ROANOKE MAYOR ARRESTED ON ETHICS, OTHER CHARGES
(MONTGOMERY)-Attorney General Troy King announced the arrest today of Roanoke Mayor Henry "Spec" Bonner on a 26-count indictment charging him with multiple alleged felonies, including numerous violations of the state ethics and public contract laws. Bonner surrendered this morning at the Randolph County Jail and was released on bond.
Attorney General King's Office presented evidence to a Randolph County grand jury resulting in Bonner's indictment on January 8 for 11 counts of ethics law violation, two counts of violation of public works law, one count of failure to disclose conflict of interest, 10 counts of conflict of interest in purchase or contract, and one count of violating the competitive bid law.
"This defendant faces serious charges that he abused his public office for personal gain, that he broke the laws he was sworn to uphold, and that he betrayed the citizens' trust," said Attorney General King. "The crimes charged in this indictment are extremely serious, and the people of Roanoke may be assured that we will pursue justice on their behalf."
Specifically, the indictment charges Bonner with:
No further information about the investigation or about Bonner's alleged crimes other than that stated in the indictment may be released at this time.
The ethics law violations with which Bonner is charged are Class B felonies; the violations of public works law are class C felonies; misapplication of property is a class A misdemeanor; failure to disclose conflict of interest is a class A misdemeanor; violation of competitive bid law, and conflict of interest in purchase or contract, both are misdemeanors. If convicted, Bonner faces a maximum penalties of two to 20 years imprisonment and fines of up to $30,000 for each of the class B felony counts; one to ten years and fines of up to $15,000 for each of the class C felony counts; up to one year imprisonment and fine of up to $6,000 for the class A misdemeanor count. Violation of competitive bid law, and conflict of interest in purchase or contract, both are unclassified misdemeanors specified as punishable by up to 12 months imprisonment and up to $500 fines for each count. Furthermore, Section 36-9-2 of the Code of Alabama states that when an officeholder is convicted of a felony, the office is vacated from the time of conviction.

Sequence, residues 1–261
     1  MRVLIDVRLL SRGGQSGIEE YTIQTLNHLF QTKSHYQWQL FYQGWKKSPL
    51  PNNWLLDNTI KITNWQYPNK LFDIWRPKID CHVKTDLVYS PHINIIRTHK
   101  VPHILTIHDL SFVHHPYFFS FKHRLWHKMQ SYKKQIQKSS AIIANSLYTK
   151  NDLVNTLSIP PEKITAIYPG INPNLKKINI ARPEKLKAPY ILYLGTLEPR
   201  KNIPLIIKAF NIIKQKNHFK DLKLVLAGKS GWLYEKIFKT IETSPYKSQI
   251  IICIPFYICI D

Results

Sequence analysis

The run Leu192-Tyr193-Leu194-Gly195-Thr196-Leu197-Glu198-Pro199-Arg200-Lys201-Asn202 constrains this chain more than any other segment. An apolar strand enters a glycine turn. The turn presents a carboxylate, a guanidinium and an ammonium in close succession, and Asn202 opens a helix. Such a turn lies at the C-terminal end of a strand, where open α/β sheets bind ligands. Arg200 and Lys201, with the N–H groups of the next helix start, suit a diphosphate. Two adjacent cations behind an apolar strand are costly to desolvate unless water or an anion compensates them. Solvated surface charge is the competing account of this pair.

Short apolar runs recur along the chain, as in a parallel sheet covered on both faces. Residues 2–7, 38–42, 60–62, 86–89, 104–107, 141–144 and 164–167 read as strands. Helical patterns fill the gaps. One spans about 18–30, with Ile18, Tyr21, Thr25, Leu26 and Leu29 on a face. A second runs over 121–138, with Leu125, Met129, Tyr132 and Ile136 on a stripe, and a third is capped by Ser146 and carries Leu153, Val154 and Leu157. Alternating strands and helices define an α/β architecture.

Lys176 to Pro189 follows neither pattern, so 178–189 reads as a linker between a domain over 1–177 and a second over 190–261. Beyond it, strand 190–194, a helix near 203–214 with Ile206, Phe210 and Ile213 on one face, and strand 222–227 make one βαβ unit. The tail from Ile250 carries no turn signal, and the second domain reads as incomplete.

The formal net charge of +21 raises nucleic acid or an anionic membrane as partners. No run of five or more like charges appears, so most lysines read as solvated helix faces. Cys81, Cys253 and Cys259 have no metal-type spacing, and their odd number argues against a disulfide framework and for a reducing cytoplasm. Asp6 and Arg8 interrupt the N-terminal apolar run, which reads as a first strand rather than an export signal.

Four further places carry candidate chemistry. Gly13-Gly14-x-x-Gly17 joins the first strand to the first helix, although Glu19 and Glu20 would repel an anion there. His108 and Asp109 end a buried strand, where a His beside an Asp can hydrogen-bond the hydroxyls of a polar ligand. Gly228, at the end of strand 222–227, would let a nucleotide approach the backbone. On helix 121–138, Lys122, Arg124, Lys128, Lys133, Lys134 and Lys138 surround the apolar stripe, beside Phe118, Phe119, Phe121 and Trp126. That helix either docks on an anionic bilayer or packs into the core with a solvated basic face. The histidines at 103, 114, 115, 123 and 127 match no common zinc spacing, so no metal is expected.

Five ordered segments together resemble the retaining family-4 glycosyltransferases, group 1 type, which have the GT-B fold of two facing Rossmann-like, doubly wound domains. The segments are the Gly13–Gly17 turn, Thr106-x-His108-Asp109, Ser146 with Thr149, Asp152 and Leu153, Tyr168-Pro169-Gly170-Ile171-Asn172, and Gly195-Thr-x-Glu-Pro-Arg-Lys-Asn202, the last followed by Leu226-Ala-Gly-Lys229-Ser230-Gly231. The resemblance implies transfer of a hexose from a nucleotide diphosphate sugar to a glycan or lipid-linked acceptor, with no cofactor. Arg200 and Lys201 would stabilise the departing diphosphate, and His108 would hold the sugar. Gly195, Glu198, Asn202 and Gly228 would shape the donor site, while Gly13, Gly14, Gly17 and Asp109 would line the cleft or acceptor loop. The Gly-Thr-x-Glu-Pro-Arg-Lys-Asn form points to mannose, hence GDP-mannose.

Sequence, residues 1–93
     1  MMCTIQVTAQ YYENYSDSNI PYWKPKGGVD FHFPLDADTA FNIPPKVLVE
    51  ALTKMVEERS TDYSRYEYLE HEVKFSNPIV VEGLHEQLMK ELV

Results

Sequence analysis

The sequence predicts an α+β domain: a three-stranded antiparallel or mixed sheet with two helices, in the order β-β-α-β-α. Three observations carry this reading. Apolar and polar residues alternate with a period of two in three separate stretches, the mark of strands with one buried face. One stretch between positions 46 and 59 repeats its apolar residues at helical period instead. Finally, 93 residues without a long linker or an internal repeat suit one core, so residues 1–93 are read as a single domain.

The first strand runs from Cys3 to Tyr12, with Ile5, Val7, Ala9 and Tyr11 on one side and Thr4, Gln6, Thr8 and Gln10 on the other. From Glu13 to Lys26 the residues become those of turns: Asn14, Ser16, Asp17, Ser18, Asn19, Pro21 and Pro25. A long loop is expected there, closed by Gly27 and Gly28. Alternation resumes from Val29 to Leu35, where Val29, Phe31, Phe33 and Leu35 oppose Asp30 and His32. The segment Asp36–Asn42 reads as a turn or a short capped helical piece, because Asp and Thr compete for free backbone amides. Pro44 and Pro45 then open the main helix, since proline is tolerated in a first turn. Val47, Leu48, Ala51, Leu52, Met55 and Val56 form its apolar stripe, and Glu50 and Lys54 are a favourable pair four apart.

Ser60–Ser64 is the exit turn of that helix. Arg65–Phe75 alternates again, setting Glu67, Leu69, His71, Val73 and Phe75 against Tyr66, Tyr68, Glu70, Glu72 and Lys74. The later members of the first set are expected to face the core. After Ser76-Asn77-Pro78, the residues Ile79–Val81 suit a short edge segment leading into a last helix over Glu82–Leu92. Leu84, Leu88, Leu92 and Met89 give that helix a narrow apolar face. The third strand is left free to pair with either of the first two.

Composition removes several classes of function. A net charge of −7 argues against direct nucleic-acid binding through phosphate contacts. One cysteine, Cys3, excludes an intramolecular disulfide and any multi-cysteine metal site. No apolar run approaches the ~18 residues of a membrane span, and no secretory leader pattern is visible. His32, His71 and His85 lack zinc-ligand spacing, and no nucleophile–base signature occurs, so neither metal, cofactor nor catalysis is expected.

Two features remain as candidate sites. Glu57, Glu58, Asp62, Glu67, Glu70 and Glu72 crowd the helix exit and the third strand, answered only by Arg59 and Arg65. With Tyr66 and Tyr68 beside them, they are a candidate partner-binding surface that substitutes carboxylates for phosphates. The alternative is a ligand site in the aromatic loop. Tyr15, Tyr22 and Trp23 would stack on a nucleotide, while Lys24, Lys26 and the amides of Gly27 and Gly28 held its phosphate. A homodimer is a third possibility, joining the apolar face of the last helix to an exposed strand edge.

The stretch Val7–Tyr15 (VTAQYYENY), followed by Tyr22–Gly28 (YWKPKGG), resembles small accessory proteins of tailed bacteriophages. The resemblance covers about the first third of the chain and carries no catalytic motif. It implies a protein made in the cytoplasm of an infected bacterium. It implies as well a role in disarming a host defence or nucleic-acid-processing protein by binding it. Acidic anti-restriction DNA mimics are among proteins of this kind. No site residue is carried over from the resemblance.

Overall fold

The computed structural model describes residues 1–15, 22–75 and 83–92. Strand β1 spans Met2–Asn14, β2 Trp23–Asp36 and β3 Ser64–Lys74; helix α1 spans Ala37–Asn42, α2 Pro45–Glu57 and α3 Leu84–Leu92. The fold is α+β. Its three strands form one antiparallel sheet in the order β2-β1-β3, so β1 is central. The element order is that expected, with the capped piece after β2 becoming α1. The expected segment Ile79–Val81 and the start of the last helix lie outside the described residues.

The case is being prosecuted by Assistant Attorney General Ben Baxley of the Attorney General's Public Corruption and White Collar Crime Division, and was investigated by Special Agent Jeff Chandler of Attorney General King's Investigations Division.